How the Canadian Air Duct Cleaning Scam WorksAll articles

The duct cleaning scam: what is it & how to avoid it

It may be in the morning, afternoon or even during dinner, but Canadians can’t get through a day without hearing from an Air Duct Cleaning telemarketer.

Shockingly, many air duct cleaning businesses are aware of the flood in calls because they hired foreign call centers to bring in the business.

In “March 2015, for example, nine companies in the Greater Toronto Area were linked to illegal calls about duct cleaning that contravened telemarketing laws set out by the CRTC, the government agency responsible for rulings related to the Canadian telecommunications industry. Although all nine received hefty fines and were publicly named by the CRTC, the damage they caused to the legitimate duct cleaning industry was significant,” reported The Record.

Likely a result of scams such as this one, 87% of consumers think unidentified calls are fraud, according to Hiya’s 2023 State of The Call Report.

Air duct cleaning: what you need to know

Air ducts serve as the vital connectors between your heating and air conditioning system and the rooms in your home. While they may occasionally accumulate dirt, dust, and allergens, significant build-up that can pose health concerns is relatively uncommon.

The EPA recommends considering professional air duct cleaning services under the following circumstances:

  1. Verification of mold presence in your ducts through a professional inspection.

  2. Discovery of a rodent or insect infestation within your home.

  3. Observable signs of dust and dirt accumulation exiting your registers.

It's worth noting that state and local regulations typically don't govern air duct cleaners, but the National Air Duct Cleaners Association (NADCA) provides certification and guidelines for best practices. According to NADCA, cleaning your air ducts every three to five years is advisable, unless specific issues like those mentioned above are suspected. 

When you do decide to engage professional cleaners, expect a comprehensive service. The cost of air duct cleaning typically falls within the range of $270 to $490, although larger systems or complex issues may require an investment of up to $1,000. 

How it works

Using the bait and switch tactic, scammers will make cold-calls to customers by spoofing numbers from a variety of numbers that appear to be local. Once they get the customer to pick up the phone, they offer screaming deals on a service that can usually cost up to $300-325 for two hours. The customer is roped in and makes the appointment. However, once the scammer is at their home for the service, they continue to up-sell the victim with extra costs (i.e. disinfectants, pre-washes etc.). The consumer could end up paying at least twice what they were initially quoted.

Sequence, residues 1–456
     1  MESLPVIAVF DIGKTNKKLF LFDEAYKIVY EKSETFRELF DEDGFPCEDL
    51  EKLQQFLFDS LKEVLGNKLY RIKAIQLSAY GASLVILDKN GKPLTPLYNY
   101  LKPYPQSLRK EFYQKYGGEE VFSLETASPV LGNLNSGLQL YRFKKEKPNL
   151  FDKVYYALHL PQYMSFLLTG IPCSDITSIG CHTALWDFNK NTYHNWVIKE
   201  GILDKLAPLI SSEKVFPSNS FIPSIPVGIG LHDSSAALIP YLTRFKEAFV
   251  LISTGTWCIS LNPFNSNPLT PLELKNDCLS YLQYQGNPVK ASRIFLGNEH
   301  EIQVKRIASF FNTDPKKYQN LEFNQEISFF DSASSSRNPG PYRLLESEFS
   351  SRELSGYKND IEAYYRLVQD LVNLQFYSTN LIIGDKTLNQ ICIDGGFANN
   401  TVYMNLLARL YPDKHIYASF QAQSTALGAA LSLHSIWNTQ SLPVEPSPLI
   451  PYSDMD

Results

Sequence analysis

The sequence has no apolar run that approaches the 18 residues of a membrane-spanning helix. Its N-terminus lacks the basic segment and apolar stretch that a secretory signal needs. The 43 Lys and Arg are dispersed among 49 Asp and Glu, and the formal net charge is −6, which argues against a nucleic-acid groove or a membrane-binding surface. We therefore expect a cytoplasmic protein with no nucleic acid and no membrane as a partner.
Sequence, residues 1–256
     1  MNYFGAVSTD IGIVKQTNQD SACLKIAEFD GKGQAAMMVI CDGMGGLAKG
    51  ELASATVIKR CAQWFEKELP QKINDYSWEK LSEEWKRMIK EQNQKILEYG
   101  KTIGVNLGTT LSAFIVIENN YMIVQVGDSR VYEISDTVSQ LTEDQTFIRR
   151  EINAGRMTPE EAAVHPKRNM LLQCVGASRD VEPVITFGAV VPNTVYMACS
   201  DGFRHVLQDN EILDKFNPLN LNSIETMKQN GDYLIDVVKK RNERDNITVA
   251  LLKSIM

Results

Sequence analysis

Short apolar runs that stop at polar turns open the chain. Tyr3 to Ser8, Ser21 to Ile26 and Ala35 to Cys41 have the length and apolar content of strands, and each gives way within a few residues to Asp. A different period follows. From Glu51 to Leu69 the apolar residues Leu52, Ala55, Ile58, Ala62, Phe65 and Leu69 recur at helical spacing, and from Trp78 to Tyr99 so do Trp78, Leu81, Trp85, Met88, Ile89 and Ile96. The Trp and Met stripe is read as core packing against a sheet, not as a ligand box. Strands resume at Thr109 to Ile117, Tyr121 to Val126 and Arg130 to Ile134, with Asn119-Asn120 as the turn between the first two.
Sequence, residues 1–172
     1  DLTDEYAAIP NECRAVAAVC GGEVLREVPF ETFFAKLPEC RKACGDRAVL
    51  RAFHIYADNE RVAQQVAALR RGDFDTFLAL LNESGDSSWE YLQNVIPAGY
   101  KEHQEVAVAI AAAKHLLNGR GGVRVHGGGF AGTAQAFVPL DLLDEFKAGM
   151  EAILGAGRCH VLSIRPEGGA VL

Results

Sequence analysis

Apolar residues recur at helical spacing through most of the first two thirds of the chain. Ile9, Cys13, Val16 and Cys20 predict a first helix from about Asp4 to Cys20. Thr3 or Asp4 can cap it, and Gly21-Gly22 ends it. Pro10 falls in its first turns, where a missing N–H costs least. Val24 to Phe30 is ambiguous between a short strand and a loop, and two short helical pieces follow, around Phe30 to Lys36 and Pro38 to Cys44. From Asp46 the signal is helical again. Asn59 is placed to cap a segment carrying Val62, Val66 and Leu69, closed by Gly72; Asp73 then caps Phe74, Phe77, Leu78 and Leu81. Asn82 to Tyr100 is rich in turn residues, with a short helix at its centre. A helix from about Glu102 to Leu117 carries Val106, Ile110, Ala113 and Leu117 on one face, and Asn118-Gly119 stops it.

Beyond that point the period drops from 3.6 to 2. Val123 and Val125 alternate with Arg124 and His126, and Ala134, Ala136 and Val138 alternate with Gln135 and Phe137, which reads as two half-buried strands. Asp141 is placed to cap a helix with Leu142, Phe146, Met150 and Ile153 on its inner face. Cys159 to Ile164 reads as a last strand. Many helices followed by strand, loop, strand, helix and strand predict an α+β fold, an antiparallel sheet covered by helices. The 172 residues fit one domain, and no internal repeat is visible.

Unfortunately, this scam has been around for years. Despite many customers signing up for the Do Not Call List, air duct scammers somehow make their way back to consumers’ phones. While most contractors are reputable experts committed to quality service, it's essential to be vigilant for these five warning signs to ensure you're choosing the right professionals for the job. 

How to protect yourself
  1. If an offer sounds too good to be true, it probably is. Cleaning your air ducts is costly but it’s worth it with a reputable company to do the job well.
  2. Read the fine print before signing any contracts to ensure you know what the work will entail and what will be included in the price.
  3. Never share personal information (i.e. social insurance numbers, date of birth, or credit card numbers).
  4. If you get an unexpected call and an uneasy feeling from the sales pitch, hang up immediately.
  5. To help filter unwanted calls, download a caller ID and call-blocking app that will help prevent scam calls from getting through to your phone.

Here’s a great example of how air duct cleaning scammers try to threaten and intimidate customers. Jolly Roger Telephone Co. uses an automated robot programmed to speak to telemarketers to make them believe they are speaking with a live person.

Check it out by clicking on the video below:



How Hiya helps

According to Hiya’s 2023 State of The Call Report, 72% of consumers say they're more likely to answer if they know who's calling. While the duct cleaning scam can prove to be highly effective, Hiya offers a variety of solutions that help carriers identify these calls and businesses establish trust with customers who are bombarded by scam calls.

Displaying a branded caller ID means that customers know your call is coming from a legitimate business and is not a scam. They'll actually pick up the phone and you'll be able to communicate important information.

Carriers can protect their users with Hiya Protect, which identifies, labels, and blocks spam and scam calls.

Businesses can help customers feel safe answering the phone with Hiya Connect, which enables enterprises to display their company name, logo, and call reason on outbound calls. 

When evaluating branded caller ID solutions, there are a few questions you should ask. Get the full list with Hiya’s Branded Call Checklist and Buyer's Guide and make the best decision for your organization.

Author Hiya Team